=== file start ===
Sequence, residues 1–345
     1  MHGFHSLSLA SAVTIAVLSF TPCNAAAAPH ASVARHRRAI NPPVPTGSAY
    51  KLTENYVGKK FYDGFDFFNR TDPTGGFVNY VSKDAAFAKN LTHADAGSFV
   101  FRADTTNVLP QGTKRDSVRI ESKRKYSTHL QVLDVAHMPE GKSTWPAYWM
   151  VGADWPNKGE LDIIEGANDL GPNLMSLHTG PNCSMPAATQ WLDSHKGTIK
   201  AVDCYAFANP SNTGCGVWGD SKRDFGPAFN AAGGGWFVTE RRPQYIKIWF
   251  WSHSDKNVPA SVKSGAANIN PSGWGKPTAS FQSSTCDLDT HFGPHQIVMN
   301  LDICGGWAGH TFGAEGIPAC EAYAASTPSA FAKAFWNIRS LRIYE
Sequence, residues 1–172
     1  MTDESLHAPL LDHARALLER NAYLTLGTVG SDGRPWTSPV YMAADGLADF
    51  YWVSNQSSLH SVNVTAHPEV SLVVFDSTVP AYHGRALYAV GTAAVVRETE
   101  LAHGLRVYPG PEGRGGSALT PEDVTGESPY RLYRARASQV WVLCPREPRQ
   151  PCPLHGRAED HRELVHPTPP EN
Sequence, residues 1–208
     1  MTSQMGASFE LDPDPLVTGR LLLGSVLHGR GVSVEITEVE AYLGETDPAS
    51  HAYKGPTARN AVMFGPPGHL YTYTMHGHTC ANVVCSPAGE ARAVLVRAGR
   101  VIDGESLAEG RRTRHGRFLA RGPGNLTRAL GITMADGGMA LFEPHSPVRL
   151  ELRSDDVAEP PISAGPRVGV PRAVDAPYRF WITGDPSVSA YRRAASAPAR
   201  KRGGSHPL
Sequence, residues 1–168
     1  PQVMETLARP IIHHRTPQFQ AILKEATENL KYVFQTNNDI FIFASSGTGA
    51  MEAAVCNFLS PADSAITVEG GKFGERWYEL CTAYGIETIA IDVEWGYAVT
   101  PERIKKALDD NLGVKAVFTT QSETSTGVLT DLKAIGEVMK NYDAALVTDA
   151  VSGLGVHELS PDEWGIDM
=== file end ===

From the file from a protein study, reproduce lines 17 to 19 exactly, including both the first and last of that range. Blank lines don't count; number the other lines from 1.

   101  VIDGESLAEG RRTRHGRFLA RGPGNLTRAL GITMADGGMA LFEPHSPVRL
   151  ELRSDDVAEP PISAGPRVGV PRAVDAPYRF WITGDPSVSA YRRAASAPAR
   201  KRGGSHPL